7. Towel Hangs/Towel Pulls

  • Great assistance drills to improve grip strength. This can also be done on ropes.
  • You can use the towel and hang in hollow, flexed hang, or begin doing pulls as seen in the video.

8. Neutral Grip Pull-ups

  • Neutral grip is sometimes easier, as you grip will be narrower and palms facing each other, this allows for more biceps recruitment.

9. Chin-ups

  • Same grip as the underhand flexed arm hangs but now you are going to pull for the full range of motion from hollow hang.
  • Engage your lats, pull-up, and over bar. Chin-ups are usually easier for females to get strong at before pull-ups.

10. Pull-ups

  • Hang in the hollow position with hands slightly wider than your shoulders, thumb-less grip and pull the full range of motion until the chin is over the bar.
  • When you are close to getting over the bar, shoot your elbows down and back to increase the height that you will get over the bar.

For a FULL instructional video of all 10 Exercises to Improve Your Pull-ups, watch this video to see demonstrations from Coach Karen.

After training many students and testing many drills I have found that on average if a female works up to a 30 to 45 second flex arm hang that she normally can do at least one chin-up. Once she has at least one chin-up, I would have her start “GTG training” (greasing the groove) daily with chin-ups. After she has multiple chin-ups, I would then add training ladders into her program.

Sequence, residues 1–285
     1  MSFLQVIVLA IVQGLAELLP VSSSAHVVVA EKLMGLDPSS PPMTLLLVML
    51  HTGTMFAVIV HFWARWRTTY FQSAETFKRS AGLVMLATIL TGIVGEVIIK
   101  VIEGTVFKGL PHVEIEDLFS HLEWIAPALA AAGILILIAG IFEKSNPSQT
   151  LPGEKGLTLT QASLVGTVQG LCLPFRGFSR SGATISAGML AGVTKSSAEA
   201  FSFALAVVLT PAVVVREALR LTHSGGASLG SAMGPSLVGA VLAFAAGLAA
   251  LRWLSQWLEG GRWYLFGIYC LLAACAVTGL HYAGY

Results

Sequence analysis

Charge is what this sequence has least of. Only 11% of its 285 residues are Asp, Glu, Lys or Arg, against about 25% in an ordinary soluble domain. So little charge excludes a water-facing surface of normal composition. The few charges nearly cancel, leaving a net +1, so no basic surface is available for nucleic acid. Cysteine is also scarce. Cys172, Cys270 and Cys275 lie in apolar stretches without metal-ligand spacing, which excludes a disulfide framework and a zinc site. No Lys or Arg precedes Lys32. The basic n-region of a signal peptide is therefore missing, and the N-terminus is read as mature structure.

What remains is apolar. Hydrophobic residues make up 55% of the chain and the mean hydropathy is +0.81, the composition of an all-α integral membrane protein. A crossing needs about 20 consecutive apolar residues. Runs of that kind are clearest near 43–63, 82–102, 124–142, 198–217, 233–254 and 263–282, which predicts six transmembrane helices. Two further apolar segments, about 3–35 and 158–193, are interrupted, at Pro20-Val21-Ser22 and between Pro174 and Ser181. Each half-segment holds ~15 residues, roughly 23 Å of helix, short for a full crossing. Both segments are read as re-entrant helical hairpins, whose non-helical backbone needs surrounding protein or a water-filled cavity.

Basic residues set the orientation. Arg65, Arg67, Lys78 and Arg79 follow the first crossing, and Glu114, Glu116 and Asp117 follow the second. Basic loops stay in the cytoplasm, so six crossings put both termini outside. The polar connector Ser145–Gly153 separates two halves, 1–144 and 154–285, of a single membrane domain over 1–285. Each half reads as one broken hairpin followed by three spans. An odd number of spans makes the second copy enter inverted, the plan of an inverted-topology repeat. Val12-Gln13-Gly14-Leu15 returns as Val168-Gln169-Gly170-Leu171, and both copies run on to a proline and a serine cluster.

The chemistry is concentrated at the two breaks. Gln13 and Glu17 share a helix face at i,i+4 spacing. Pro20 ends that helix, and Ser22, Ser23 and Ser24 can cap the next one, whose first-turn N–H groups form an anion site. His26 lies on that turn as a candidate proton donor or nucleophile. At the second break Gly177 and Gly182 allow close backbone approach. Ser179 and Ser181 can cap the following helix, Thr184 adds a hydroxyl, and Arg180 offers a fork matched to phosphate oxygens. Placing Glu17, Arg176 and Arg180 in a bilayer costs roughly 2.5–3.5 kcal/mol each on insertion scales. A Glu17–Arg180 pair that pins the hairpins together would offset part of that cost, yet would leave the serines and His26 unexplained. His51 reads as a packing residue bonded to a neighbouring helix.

For example: 3 chin-ups, 2 chin-ups, 1 chin-up. Rest and repeat.

Once she achieves three chins-ups she will normally have one pull-up. At that point I would either have her train GTG pull-ups until she has multiple reps, or add the pull-up into the ladder.

For example: 3 chin-ups, 2 chins-ups, 1 pull-up. Rest and repeat.

Important Progression Tips:

  • NEVER train to failure: training to fail only makes you better at failing!
  • STAY fresh with proper technique and stop before setting in a bad pattern.
  • PRACTICE often.
  • LIFT heavy to increase strength.
  • STRONG deadlifts make for easier pull-ups.

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About The Author: Karen Smith

Karen Smith is a Girls Gone Strong Advisory Board member and a highly-respected trainer and coach specializing in kettlebell and bodyweight strength training. She is a StrongFirst SFG Master Instructor and Chief Bodyweight Instructor. Karen travels the world instructing and certifying individuals through StrongFirst, and works with clients online and in person. Learn more about Karen on her website and connect with her on Facebook, Instagram, and Twitter.